1 dog, a bichon/shih tzu cross, bought when I was 12
    -Dog failed obedience school. Really, really didn't think listening was important. Learned "sit" for a treat, and "lay down" for a treat, but "come" was just not going to happen. "Roll over" was learned after 14 years of patient effort on my part, and she would ONLY do it for me, and ONLY for a favourite type of treat
    -Every family member had to chase dog at least once through the local slough when she darted out the door, as a result my little sister learned very young why the door needed to be latched, all the way, every time.
    -Dog required more exercise than anyone could have predicted...seemed to be afflicted with chronic hyperactivity. I took up jogging with her when I was 12.5 years old...which continued until she was old enough that she got tuckered out in the backyard. We were an extremely busy family...but "no time" was NOT an excuse for dog to miss out.
    -Dog was finally put down, after having been totally deaf for about 5 years, going blind, very afflicted with dementia, and rapidly losing muscle tone/ability to move around. She was 18 years old, and in the last checkup before her final vet visit, the veterinarian (same one for 18 years) commented on how amazing her teeth were, and what a healthy dog she was. She declined quickly...and making the choice was heartbreaking...but the right thing to do.
    -Dog was the best dog ever. Sure, there were faults, but even in her dementia-addled old age, she was THRILLED when we arrived at the door, had a great doggy grin, and never bit, growled at or otherwise intimidated anyone. Best dog ever.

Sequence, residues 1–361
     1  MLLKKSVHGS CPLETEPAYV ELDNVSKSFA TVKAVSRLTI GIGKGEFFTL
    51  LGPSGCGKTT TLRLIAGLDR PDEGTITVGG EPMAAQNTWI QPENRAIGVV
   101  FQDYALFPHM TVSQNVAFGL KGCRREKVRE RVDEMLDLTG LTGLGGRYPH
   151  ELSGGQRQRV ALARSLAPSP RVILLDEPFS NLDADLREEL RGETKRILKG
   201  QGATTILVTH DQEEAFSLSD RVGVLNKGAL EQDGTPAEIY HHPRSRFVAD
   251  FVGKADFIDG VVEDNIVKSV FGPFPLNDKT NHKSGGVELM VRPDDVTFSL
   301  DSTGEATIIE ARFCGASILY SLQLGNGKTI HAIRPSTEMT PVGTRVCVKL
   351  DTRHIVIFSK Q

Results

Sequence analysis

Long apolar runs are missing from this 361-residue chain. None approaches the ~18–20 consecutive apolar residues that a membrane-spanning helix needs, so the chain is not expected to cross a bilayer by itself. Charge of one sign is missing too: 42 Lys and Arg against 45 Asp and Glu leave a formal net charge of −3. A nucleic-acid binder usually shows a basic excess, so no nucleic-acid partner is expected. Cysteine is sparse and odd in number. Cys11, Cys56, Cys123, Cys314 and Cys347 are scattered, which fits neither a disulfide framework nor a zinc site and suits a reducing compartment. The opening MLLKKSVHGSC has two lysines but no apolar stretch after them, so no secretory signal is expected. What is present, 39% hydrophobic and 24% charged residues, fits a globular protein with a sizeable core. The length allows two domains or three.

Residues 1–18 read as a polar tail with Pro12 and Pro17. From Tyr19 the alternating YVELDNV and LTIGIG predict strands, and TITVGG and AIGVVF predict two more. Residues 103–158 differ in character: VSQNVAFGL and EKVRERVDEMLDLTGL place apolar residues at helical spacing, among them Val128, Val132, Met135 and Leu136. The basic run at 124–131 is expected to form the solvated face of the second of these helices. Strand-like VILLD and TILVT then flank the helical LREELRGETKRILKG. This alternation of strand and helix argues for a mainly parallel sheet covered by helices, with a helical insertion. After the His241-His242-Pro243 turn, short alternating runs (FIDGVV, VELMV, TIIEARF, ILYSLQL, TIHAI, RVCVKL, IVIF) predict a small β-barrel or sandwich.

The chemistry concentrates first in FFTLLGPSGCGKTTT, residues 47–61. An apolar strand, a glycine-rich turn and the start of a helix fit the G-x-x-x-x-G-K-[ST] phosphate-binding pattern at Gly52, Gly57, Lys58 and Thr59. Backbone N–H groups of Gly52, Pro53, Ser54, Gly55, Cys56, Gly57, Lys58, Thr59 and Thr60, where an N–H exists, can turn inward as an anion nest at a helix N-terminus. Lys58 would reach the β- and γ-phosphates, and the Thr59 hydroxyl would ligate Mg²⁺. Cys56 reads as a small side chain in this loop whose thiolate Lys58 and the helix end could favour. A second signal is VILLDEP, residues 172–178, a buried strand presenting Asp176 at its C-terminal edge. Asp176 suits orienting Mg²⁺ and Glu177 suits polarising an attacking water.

That is IT. When I was 22 I adopted two cats, and they live an indoor life of complete luxury. I have had to find places to take care of them several times over the years while I had to travel for business, or temporarily move to a place that didn't allow pets...but the idea of moving them to a new owner? Absolutely not. My life would have to be in danger before I'd consider it. This was NOT always easy, and since I got the cats, I also acquired a boyfriend who became my husband. He does not love cats, and we had to make some compromises. They are part of our family, husband accepts that, but it wasn't like it was easy.

    But no, I'm definitely not a "forever home"...I won't say that...I won't make that promise. No one can, and no adoption agency is right to expect it.

    Meanwhile, plenty of people lie to the Humane Society and within months of adoption their pets are for sale on Craig's List. I think the screening process might be faulty.
    Lifestyle coordinator for Zora, Spooky, Wolfgang and Warrior